Yeah, it’s a movie. We watch people fall in love with each other quickly because there are time constraints. People build trust and other relationships in ridiculous periods of time because they have to. Besides, when he tells Superman’s mom that they are friends it’s after they have an understanding. It’s as if they’re work friends at that point. It’s another moment that may not be the best writing but it gets crapped on disproportionately.
5: Plot Holes?
It’s fair to say that some threads are left dangling because they were always meant to be tied up with Justice League. I’m not as harsh on plot holes as some people are, so long as they aren’t too egregious, but for the record, many of the questions were more intriguing than annoying. Some of them were not answered but we knew that this was always meant to be part of a series so I was always forgiving of that.
With Batman v Superman Snyder attempted to tell a tale much larger than what one would expect from a typical superhero movie. Some people don’t need or want that in a superhero movie and that’s fine. Some people feel that he attempted so with catastrophic results and that’s also fine. I’m not trying to convince you that on philosophical grounds it’s the most revelatory story ever penned, but what I am saying is that we need to give it credit and realize that there’s a little more going on under the hood.
More importantly, it succeeds in telling its own singular story along with leaving a few breadcrumbs for people to theorize about. The director’s cut did wonders for this as well, and if you haven’t seen it you should.
Sucker Punch Is Deceptively Smart… but Also Just Cool
Sucker Punch is the first time that he didn’t adapt other material. Not only did he direct it, but he came up with the concept and wrote it. So this is pure, unbridled Zack Snyder. It’s fitting that this is the flick in his whole filmography that scores the lowest with the audience and critics, on both Rotten Tomatoes and IMDB/Metacritic.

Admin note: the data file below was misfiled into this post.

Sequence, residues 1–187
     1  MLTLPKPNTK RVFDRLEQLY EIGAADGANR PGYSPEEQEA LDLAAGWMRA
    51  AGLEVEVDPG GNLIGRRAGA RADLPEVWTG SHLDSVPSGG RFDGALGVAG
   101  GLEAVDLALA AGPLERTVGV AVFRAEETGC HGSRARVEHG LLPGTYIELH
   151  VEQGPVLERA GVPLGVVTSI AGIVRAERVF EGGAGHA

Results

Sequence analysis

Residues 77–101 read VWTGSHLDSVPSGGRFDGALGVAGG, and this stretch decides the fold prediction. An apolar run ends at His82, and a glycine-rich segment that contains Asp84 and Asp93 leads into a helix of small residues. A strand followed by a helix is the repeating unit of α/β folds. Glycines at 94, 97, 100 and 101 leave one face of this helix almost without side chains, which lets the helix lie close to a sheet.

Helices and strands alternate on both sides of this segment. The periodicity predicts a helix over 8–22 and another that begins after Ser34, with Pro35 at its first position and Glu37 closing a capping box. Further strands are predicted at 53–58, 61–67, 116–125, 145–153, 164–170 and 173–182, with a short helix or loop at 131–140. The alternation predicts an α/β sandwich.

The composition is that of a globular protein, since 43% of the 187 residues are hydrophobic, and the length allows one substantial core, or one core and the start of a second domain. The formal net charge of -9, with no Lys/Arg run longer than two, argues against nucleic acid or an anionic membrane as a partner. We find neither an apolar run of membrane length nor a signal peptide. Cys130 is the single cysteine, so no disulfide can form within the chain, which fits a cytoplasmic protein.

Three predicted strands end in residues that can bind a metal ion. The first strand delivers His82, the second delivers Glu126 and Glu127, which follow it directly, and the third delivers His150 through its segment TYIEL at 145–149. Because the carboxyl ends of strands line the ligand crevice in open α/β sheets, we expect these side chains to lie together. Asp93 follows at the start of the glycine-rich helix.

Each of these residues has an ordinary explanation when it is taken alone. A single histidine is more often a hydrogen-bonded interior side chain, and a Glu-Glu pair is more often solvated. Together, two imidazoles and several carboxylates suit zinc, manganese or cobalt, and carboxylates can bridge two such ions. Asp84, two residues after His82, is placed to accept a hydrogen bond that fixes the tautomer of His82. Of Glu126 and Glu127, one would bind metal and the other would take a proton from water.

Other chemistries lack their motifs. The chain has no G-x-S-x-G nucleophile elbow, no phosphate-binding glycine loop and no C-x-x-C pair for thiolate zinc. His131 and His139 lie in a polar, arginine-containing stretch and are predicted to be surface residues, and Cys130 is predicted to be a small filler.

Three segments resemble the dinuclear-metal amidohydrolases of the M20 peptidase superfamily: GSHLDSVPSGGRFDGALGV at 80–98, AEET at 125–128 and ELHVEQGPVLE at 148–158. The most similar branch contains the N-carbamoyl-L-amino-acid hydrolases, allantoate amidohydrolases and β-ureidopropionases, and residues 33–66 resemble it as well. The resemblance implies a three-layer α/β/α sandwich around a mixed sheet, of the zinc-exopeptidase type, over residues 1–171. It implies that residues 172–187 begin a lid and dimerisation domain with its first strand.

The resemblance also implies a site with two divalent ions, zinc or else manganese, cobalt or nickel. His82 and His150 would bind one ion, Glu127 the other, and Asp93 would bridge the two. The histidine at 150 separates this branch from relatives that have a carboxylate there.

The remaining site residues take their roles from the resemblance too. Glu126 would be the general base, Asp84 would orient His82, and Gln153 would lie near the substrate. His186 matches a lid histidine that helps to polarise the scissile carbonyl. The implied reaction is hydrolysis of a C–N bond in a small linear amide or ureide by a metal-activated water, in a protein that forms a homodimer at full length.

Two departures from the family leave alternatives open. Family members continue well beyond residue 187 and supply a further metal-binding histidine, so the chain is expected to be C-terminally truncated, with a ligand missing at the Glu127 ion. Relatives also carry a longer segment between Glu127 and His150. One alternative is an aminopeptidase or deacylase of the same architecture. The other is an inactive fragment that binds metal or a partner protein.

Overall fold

There’s an old cinematic dictum, “style over substance,” that often gets applied to directors like Zack Snyder, but it’s never rang true to me. I’m not disputing someone’s taste because it’s all subjective, and some people really don’t endorse films that are shallow thematically. I just can’t remember a time that I’ve ever used the phrase pejoratively.
That’s because sometimes the style is the substance. Cinema is a visual artform that integrates elements of other artforms to make a concise, shorter piece. There are directors like Nicolas Winding Refn that, in my eyes, made a name for themselves by embracing that over all else. That’s not to say that a Refn flick doesn’t have motifs, he just appears to prioritize the visual and aural storytelling over all else.
Even if that was inherently negative, you can’t lay that at the feet of Snyder. Sucker Punch is the perfect example of this. Does it have all kinds of flair? Yes. Is it dark and kind of comical, fun and a little insane? Yup. It blends genres and different ingredients into a dish that is undeniably original while repeating many of the Snyder components that he is known for. The film is a thrill ride and would get by solely on that.